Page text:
TE Radar is known for his global roaming — in fact, the day The Guide caught up with him he was not long back from a trip to the Americas, where guinea pigs litter the floors of Peruvian kitchens and a Marxist philosopher makes methane out of pig poo at his hideaway in the Cuban jungle.
But the comedian/opinionist is also a big believer in community, which is why he is taking his award-winning history-based show, Eating The Dog, on a jaunt to venues off the beaten track.
The nine-date tour he managed to squeeze in between television filming commitments takes in venues from Ohinewai to Hikuwai, Katikati to Opotiki. It also includes a stop-off at Gisborne’s own Ormond Community Hall, the show being a fundraiser to help hall advocates build a new deck.
Te Radar (that’s Andrew Lumsden to his mum) couldn’t be more chuffed.
“Whenever I drive around the country I always keep an eye out for these amazing little halls in amazing little places, so it’s nice to take a history show about New Zealand to halls that have lots of history themselves,” he says.
Once those halls go, he adds, there is a big void left in the community that may never be filled.
“And though I’ve got a list of requests for fundraisers that could keep me going forever I don’t often get time to do them so this is going to be great. The organisers get to make a bit of money, I (hopefully) get paid and they really seem to bring people together.”
Radar has to be one of the coolest Kiwis on the small screen but, it has to be said, he is also a bit of a geek.
The show he is bringing to Gisborne may have won accolades aplenty since it was named Best Show at the 2009 Comedy Guild Awards, but at its core is a curious Kiwi with a passion for ferreting out some of history’s lesser-known quirks.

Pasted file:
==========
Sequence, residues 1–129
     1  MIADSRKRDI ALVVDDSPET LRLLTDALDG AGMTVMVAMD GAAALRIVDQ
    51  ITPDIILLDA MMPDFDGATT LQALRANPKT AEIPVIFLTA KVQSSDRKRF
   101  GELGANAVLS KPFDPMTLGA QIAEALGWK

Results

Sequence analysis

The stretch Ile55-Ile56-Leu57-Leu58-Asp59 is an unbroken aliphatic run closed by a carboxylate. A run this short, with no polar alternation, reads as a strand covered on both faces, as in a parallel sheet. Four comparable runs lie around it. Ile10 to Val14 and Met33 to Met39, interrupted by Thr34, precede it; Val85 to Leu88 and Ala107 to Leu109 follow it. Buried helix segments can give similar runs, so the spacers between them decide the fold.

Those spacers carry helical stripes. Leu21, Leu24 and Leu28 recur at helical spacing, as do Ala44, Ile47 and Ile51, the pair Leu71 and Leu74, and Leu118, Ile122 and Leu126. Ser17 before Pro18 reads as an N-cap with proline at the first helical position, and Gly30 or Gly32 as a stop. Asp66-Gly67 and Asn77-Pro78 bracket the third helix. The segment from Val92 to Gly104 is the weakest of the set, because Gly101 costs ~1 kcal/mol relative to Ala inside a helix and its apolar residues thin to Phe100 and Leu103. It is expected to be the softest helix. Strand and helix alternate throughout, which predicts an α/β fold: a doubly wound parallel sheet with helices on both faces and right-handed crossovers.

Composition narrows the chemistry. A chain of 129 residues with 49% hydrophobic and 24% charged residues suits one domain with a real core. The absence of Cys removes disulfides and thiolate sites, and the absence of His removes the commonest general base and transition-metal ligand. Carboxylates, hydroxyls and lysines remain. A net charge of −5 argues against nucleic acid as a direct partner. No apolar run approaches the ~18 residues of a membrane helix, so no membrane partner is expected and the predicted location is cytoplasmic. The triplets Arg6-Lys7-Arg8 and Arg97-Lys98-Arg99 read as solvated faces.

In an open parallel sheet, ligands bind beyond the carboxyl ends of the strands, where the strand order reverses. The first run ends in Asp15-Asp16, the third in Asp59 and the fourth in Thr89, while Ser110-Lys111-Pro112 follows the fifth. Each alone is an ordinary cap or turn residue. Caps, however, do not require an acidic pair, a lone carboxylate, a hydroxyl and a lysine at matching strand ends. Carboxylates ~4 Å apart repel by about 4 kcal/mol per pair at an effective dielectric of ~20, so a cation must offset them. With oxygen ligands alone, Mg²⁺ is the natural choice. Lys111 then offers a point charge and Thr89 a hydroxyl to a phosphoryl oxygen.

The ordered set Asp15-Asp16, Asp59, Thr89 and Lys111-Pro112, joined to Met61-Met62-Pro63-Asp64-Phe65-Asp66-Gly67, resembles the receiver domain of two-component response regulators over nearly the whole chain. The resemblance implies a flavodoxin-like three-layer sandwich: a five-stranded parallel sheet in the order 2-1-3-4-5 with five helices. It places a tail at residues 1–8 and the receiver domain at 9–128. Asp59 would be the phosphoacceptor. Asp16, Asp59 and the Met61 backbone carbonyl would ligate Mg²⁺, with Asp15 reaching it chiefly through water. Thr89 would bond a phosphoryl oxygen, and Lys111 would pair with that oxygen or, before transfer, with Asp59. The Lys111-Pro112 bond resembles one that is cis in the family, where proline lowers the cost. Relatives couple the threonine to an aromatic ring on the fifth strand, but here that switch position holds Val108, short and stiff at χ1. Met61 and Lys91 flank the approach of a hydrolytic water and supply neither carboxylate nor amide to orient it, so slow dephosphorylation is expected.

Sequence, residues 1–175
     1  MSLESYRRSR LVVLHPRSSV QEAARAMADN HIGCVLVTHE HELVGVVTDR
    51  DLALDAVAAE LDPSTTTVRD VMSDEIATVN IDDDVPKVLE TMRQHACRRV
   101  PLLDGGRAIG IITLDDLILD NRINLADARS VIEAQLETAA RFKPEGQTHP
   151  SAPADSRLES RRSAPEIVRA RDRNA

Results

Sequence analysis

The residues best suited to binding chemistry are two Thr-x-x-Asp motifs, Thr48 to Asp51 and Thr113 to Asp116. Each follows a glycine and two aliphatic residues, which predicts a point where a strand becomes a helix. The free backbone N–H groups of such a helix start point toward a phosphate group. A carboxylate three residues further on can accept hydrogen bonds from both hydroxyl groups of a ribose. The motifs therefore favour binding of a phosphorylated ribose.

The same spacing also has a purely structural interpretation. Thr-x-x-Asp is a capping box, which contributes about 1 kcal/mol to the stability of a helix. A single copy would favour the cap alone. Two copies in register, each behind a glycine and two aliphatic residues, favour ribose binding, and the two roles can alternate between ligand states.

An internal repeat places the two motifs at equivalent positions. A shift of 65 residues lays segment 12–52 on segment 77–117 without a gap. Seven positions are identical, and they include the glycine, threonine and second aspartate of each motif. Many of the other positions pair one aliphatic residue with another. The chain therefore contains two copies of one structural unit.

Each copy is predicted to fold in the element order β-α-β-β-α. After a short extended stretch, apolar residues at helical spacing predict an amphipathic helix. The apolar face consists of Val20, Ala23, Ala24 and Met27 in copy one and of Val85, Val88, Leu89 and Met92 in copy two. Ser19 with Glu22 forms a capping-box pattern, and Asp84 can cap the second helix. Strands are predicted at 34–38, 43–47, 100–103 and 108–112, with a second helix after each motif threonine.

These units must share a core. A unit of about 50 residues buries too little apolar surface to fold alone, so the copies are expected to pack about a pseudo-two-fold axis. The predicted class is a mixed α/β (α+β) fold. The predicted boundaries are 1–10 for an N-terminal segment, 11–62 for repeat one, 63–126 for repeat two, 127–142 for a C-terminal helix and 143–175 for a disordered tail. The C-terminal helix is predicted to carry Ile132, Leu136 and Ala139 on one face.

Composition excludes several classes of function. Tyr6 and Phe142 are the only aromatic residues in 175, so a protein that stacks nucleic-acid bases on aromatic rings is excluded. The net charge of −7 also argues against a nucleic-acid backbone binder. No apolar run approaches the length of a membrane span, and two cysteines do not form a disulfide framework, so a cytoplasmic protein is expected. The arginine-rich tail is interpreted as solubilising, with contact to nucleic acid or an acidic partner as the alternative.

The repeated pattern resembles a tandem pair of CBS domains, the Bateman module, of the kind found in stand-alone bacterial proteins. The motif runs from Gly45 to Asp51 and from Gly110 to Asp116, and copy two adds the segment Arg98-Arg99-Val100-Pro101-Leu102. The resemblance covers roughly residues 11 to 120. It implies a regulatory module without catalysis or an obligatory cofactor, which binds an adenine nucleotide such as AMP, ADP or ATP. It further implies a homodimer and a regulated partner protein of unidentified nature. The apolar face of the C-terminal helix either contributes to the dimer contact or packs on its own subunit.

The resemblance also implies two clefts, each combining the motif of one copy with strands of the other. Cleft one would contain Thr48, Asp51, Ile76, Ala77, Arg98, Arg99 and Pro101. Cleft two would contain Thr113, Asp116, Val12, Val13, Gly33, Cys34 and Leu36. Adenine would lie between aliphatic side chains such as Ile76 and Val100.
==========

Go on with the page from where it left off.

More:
Like the one (after which the show is named) about 19th-century surveyor Thomas Brunner who, while exploring the West Coast of the South Island, became so famished he was driven to eating his dog.
Or the one about balloonist David Mahoney (alias Captain Charles Lorraine) who, travelling around the world in his hot air balloon, would upon alighting do gymnastic exercises to loosen his limbs.
These sorts of stories, says Te Radar, are treasures worth digging for, and he has compiled an entire comedic show — complete with maps and slides — to help witnesses see their true shining glory.
The concept of doing the Eat The Dog in small local halls often throws up its own element of farce.
Like the hall where the power blew mid-show because some helpful local had turned on the pie-warmer.
Or the one in a snowy South Island location where another helper had to scurry across the stage every 20 minutes to feed the electricity meter lest the heating go off.
“Every single hall has its little foibles but, to be honest, I don’t really get to know them that well,” he says. “I just rock up in the car, unpack my gear, do the show, pack it all up again and off I go.”
All in all, it’s an opportunity for a performer to reconnect with his own history after spending much of his time overseas.
In addition to his journey to the Americas, Te Radar recently spent time on various islands for the Radar Across The Pacific series which is currently screening in TV One (Tuesdays).
He has been further afield to get footage for a film he is making about the election cycles in small-town US, and he’s still working on material developed during a month spent in Antarctica.
“One of the best things for me is that now that I am getting better at saying no to things, I am able to say yes to things that really interest me, like travel and history,” he says.
“I never forget how lucky I am in that my work means I am always meeting people who have solutions.
“I spend a lot of time surrounded by people who are actually doing things and that’s a nice little bubble to be in.”